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Moroccan protesters reject king's draft constitution

From Martin Jay, For CNN
In a peaceful demonstration Sunday in Casablanca, thousands called for an overhaul of Morocco's governance.
In a peaceful demonstration Sunday in Casablanca, thousands called for an overhaul of Morocco's governance.
STORY HIGHLIGHTS
  • Widespread corruption must be fixed first, groups say
  • Protesters also want end to political detentions
RELATED TOPICS
  • Morocco

Casablanca, Morocco (CNN) -- Thousands of Moroccans held a peaceful demonstration nationwide Sunday, calling for a radical overhaul of the country's governance before a new constitution is unveiled in June by King Mohammed VI.

The march was organized by the Facebook youth movement Fevrier 20. The group said its members would not accept the present draft constitution because it was written by the king's own people. It denounced his decision to refer the new constitution to a committee he appointed.

King Mohammed announced last month he would give up some of his wide-scale powers and make the judiciary independent -- the latter a particularly hot subject in Morocco.

Protesters in Casablanca demanded much more and openly rejected the moves.

"We are not believing these speeches anymore. We are tired of this," said medical student Meryum, 17, who did not want to give her full name. "We are telling those who defend these speeches that we are sick of them. We only believe in real people today, like this, in taking part in real politics in Morocco. We are not going to stop until they hear us and get back our lost rights."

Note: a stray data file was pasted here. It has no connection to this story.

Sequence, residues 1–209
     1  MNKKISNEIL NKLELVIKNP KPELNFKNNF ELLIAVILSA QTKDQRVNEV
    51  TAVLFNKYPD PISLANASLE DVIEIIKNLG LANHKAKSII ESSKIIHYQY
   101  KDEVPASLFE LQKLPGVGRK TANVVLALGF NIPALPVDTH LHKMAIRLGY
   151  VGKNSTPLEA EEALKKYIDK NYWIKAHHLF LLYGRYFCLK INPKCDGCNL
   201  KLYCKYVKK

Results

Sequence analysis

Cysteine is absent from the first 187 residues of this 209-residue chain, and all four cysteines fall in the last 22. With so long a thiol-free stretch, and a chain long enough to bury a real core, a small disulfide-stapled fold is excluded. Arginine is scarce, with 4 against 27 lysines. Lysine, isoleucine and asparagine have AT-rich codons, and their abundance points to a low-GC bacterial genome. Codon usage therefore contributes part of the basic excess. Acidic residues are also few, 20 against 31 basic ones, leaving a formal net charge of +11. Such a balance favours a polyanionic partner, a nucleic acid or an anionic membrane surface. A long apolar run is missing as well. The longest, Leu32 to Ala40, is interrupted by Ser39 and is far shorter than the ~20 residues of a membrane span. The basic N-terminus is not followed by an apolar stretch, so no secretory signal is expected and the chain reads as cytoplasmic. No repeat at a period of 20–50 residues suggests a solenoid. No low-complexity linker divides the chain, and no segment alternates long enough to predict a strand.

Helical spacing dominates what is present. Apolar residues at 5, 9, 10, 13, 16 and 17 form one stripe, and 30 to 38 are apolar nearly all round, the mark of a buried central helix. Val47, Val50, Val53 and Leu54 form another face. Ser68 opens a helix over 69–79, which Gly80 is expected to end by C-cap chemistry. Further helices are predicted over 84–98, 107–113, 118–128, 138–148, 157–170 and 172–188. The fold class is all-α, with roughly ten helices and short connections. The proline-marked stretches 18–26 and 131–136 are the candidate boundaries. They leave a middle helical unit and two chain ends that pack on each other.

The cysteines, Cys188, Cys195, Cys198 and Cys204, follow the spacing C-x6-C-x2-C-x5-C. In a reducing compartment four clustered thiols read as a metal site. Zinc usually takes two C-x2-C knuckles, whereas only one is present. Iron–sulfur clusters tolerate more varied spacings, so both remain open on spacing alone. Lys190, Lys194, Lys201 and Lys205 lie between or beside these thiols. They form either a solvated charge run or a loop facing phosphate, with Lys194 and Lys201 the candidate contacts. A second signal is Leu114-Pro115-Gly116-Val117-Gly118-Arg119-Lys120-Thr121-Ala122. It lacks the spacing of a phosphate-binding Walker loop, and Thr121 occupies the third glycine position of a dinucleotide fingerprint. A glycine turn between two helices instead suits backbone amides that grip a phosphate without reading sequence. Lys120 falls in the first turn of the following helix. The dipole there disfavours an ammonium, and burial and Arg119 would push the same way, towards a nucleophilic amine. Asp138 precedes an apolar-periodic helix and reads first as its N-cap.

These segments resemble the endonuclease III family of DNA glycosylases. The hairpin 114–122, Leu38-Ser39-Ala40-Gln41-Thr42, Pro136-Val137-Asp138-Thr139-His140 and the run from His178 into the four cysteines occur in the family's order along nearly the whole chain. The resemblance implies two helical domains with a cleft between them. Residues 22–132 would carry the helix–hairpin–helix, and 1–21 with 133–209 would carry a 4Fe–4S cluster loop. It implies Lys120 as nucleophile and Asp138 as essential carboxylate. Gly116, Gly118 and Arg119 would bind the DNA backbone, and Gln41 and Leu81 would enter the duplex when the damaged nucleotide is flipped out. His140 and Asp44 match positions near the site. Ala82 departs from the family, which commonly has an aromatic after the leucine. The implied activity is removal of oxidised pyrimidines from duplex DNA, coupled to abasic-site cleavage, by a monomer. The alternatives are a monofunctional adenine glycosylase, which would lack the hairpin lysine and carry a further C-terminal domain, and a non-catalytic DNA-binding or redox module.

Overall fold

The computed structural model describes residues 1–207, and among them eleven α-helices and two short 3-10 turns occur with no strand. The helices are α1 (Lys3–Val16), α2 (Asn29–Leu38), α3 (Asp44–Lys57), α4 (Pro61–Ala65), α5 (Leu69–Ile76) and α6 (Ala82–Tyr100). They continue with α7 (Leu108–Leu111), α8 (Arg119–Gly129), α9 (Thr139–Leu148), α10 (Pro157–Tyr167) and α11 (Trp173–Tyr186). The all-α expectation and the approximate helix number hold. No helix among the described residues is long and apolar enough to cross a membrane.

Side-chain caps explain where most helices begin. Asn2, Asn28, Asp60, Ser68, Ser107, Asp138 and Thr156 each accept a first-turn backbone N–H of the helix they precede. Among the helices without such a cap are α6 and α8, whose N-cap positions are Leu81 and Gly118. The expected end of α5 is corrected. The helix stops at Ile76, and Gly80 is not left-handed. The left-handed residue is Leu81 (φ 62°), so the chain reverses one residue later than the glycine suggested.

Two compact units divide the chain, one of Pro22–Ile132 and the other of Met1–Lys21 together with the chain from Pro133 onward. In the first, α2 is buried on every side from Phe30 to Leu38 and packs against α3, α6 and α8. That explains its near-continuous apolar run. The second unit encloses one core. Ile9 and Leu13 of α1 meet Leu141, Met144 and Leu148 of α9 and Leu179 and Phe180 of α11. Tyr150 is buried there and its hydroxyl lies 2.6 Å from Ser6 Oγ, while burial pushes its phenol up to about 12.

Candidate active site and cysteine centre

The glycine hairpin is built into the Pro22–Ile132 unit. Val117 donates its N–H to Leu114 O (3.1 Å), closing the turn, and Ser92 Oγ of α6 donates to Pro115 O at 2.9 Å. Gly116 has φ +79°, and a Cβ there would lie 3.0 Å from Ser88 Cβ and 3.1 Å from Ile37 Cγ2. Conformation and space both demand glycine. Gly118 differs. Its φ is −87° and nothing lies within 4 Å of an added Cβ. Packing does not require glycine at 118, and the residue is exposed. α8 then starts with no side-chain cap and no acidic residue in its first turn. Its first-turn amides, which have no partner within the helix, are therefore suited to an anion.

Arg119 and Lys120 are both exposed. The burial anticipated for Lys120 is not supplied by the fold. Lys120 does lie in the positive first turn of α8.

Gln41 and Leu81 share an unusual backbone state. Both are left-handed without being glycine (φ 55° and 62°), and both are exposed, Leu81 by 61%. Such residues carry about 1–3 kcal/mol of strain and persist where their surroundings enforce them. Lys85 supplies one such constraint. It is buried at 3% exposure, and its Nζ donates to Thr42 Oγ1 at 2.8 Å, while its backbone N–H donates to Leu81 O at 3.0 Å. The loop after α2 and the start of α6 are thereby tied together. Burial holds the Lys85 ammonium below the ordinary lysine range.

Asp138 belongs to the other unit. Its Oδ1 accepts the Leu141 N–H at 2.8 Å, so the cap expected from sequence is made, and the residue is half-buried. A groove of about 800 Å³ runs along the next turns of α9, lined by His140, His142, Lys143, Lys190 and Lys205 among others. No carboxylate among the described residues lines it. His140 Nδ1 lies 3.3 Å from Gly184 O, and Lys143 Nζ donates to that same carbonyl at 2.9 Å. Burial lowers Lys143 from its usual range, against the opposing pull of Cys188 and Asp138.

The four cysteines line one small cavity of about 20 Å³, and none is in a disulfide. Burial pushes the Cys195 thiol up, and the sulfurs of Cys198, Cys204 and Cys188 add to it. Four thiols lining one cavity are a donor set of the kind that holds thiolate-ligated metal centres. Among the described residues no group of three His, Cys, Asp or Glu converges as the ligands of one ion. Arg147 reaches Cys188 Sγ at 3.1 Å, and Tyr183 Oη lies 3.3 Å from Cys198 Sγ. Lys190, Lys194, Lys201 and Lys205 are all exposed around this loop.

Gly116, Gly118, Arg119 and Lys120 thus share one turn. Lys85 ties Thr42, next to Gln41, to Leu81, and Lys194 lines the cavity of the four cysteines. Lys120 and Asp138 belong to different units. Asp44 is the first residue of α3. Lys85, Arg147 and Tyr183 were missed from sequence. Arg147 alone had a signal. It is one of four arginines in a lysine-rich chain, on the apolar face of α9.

Many believe that bribery in Morocco needs to be tackled before any reforms can actually take place. The central theme of the march -- corruption -- was reiterated by most groups at the rally.

Morocco was recently ranked the 89th most corrupt country in the world by Transparency International.

Corruption accounts for a loss of about 2% of Morocco's GDP, officials have said. More important, it deters vital foreign direct investment from flowing into Morocco, they say.

Calls for an end to political detention and questions about the king's personal business activities were also on protesters' banners. There was visible resentment at the royal family's business operations, controlled by its holding company SNI. There were also groups protesting the prices of basic household items.

"I came here today because we are Moroccans and we want a democratic state ... we are not in a democratic state and we want democracy, liberty and dignity," said engineering student Tehani, 20, who did not want to give her full name and is a member of Fevrier 20. "We want a new constitution but a constitution who comes from 'la masse populaire,' not from one person," she told CNN at the rally in Casablanca. "We want a committee which represents all the Moroccans, we want a committee of a constitution which we choose."

"This manifestations of Morocco is a real message to the king that people really need real change in this country," added a young male student. He said he wished to remain anonymous when plainclothes policemen moved closer as demonstrators photographed his being interviewed by CNN.

According to local media, most large towns in Morocco had peaceful protests, with Casablanca's the biggest. Groups included unions, women, the unemployed, students, victims of human rights violations and Islamists.